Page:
Fashion Week is a special time of year – not least because it’s a month long, happens twice a year, and spans two continents. At the time of writing, the Autumn/Winter 2013 ready-to-wear collections had just begun in New York, and I imagine London will be in full swing by the time you read this, with Milan and Paris to follow. Now, you may ask why Fashion Week is so special, besides the aforementioned discrepancies in the whole concept. The fashion world loves a good brand and, frankly, Fashion Week is a brand, a great, seductive, confusing, beautiful brand. So what makes this brand so successful that we ignore the countless other fashion feeks around the world and flock to, or aspire to flock, to the big four? It’s all about the brand and the brand of the designer of your choice, who, depending on where they choose to show, will have an identity that conforms to some sort of theme that we associate with city they are showing in. New York is cool, London experimental, Paris chic and Milan luxurious. So what are the four brands that help to create and arguably adhere to this branding?
Alexander Wang: New York was made for Wang’s effortless, boy-meets-girl look. He has built a brand that reportedly makes $60 million a year and essentially created the ‘model off-duty’ aesthetic, which is so integral to his brand identity. Erin Wasson, partner in crime and his stylist muse (she styled all his shows until relatively recently), is the embodiment of the model off-duty look. If you have some time check out some videos of the pair together; there is a notable one on Style.com in which they get a bit drunk and take you on a tour of the New York party scene to celebrate the duo’s collaboration on Wang’s second show. Now with Wang taking over from Nicolas Ghesquière at the helm of Balenciaga in Paris, all eyes are on the 26 year old, and I can’t wait to see what he does with such an established brand.
Simone Rocha: One of my favourite emerging designers. London really is a great home for her brand. She is experimental and tends to push the limits of taste just like the brand of LFW itself. Describing her aesthetic as ‘modern and strong yet romantic’, Simone has a great eye for fabric and texture and her brand includes stunning Perspex heeled brogues and simple shapes made interesting by exciting materials and texture. She was a recipient of the coveted NEWGEN sponsorship for Autumn/Winter 2013, joining alumni such as Alexander McQueen, Mary Katrantzou and Erdem Moralioğlu. Keep an eye on Rocha and her brand – she is one to watch.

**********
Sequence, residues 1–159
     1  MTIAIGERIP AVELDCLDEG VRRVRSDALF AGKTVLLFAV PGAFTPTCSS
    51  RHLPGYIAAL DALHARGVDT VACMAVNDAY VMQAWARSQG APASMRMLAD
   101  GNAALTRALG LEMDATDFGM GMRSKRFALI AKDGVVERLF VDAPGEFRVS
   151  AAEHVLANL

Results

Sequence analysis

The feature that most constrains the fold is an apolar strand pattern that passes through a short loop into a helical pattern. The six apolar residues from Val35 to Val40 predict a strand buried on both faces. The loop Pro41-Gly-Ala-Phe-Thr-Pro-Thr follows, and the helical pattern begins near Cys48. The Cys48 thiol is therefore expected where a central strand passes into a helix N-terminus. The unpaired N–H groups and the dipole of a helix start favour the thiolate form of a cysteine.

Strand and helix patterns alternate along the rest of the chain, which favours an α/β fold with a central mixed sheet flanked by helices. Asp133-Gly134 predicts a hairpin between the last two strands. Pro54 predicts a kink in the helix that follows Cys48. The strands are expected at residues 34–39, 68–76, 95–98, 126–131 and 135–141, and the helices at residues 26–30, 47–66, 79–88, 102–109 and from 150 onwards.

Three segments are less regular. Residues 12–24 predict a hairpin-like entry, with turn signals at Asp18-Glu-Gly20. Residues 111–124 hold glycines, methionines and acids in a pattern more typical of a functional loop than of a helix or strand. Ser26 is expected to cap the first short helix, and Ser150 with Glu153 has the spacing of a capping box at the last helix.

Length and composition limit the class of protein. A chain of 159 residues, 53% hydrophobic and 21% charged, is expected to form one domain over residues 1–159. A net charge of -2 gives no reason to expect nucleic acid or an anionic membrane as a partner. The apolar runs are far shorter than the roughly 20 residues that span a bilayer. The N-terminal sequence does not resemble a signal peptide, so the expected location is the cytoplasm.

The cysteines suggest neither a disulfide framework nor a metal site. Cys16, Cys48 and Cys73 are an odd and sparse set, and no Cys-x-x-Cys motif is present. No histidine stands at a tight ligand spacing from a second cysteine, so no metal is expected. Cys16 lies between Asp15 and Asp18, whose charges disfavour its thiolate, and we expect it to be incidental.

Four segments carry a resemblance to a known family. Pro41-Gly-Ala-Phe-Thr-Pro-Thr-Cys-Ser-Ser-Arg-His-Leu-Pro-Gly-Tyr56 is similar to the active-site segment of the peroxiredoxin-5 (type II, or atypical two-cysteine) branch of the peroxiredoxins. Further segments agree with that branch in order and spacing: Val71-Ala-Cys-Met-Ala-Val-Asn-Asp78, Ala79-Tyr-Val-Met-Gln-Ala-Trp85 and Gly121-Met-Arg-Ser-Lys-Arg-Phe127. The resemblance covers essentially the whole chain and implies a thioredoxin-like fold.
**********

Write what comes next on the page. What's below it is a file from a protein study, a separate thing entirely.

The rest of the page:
Miuccia Prada: While Paris has many great houses, Milan Fashion Week, in my mind, is about the brand of the fashion house. Mrs Prada’s brand is genius: covetable, crafted and creative. She makes clothes for women who love luxury but still want a product that will push people’s perceptions of style. Like Milan Fashion Week, there is nothing bashful about a Prada design; it’s bold and confident, but always simply great. Her designs are made from the best material by arguably the best womenswear designer. A Prada collection often takes inspiration from art, culture or even something abstract like ‘beauty in the face of war’. This mix of the best materials and the design direction of Miuccia Prada create a monster global brand that perfectly and comfortably complements the brand identity of Milan Fashion Week.
Ann Demeulemeester: A member of the famed ‘Antwerp Six’ along with Dries Van Noten and the seventh member, Martin Maison Margiela, she is the designer who, like Paris, has an identity and vision and sticks to it. Trends or celebrities do not bother her. Demeulemeester’s brand will not be seen on a red carpet or copied ad infinitum by the High Street. She makes clothes that she wants to wear – in fact, she only wears clothes she makes herself, admitting in an interview that she does own one pair of Levi jeans and only deigns to wear them while gardening. Her clothing is almost exclusively black and white and always distinctively conscribing to her brand. Paris Fashion Week and Demeulemeester’s brand go hand in hand, both offering the consumer piece of mind in knowing what you’re going to get.